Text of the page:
North Carolina Conservatives Concerned About the Death Penalty
Raleigh – Last week, a bill to repeal the death penalty in the politically conservative state of Nebraska passed its third and final vote in the state’s unicameral legislature by a margin of 32-15. The bill then made it’s way to Governor Ricketts, who kept his promise to veto the measure this Tuesday.
Yesterday, lawmakers voted to repeal capital punishment in the Cornhusker State voted by a 30-19 margin to override the Governor’s veto. This makes Nebraska the first conservative state to repeal the death penalty since North Dakota did so in 1973.
The final passage of this bill marks a significant shift in the national debate on the death penalty as it was spearheaded by conservatives. In recent years, more and more conservative leaders are speaking out against the death penalty and recognizing capital punishment to be inconsistent with traditional conservative values. “The power to inflict death cloaks government with a majesty and pretense of infallibility discordant with conservatism,” wrote conservative pundit George Will in a recent column praising Nebraska’s efforts to repeal the death penalty.
“Conservatives in North Carolina are coming to the same conclusions that Republican lawmakers in Nebraska reached yesterday,” said Ballard Everett, state coordinator for North Carolina Conservatives Concerned About the Death Penalty (NCCCADP). “The death penalty is a costly, inefficient government program. We know government makes mistakes, and when it comes to granting the state the power to kill its citizens, the risk is too high.”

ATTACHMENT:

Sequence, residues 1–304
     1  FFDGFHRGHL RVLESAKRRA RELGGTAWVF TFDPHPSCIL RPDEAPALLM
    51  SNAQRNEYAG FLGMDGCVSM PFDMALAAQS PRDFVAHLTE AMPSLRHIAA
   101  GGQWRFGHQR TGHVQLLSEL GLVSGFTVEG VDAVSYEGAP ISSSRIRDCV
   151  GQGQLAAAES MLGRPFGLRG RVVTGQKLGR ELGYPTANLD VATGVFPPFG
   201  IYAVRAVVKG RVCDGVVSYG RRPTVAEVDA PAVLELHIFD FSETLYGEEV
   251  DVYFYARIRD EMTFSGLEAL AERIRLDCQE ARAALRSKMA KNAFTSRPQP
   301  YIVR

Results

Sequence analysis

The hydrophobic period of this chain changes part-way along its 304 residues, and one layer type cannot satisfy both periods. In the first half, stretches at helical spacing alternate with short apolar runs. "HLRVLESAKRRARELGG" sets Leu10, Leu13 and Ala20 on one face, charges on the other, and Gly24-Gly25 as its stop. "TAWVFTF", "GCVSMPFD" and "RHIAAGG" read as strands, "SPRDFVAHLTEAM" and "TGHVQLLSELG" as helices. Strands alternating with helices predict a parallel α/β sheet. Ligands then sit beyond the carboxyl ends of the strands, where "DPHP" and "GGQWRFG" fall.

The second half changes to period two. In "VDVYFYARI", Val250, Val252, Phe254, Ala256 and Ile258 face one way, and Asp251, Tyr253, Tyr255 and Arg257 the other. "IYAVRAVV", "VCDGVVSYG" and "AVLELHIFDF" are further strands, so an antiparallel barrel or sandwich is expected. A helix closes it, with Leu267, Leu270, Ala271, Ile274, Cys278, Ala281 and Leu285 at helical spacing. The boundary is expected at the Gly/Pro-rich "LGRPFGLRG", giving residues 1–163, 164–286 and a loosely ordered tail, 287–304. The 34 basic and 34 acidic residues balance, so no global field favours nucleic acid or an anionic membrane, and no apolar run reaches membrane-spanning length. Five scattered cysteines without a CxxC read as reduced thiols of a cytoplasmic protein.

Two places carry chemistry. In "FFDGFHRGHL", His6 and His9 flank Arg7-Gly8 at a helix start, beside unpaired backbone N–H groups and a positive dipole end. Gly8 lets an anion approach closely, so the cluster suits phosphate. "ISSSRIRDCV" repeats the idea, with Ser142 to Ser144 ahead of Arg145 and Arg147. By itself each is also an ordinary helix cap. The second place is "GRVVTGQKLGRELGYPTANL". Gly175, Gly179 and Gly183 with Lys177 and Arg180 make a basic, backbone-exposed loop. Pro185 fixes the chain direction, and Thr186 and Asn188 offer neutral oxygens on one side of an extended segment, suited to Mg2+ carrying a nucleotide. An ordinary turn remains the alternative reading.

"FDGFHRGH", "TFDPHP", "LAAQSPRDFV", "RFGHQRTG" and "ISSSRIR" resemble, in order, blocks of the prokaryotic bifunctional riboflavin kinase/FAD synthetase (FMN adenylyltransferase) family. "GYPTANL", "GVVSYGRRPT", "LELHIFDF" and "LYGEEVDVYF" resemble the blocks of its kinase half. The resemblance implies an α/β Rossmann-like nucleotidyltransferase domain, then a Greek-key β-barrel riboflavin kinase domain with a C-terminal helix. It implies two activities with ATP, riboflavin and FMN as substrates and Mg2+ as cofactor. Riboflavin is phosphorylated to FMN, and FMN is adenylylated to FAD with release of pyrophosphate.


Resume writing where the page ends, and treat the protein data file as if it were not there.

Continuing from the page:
NCCCADP applauds the leadership exhibited by Nebraska lawmakers today, and calls upon conservative lawmakers in North Carolina to take a close look at this issue.
Executions have been on hold in North Carolina since 2006 because of ongoing litigation. Throughout this time, revelations of innocence and flawed forensic science suggest the very real possibility that NC could execute an innocent person should executions resume.
In the nearly nine years since NC has seen an execution, the murder rate has consistently dropped. This fact is consistent with all data showing that the death penalty has no deterrent value.
“The true conservative stance is to support efforts to replace the death penalty with life imprisonment without the possibility of parole,” said Everett.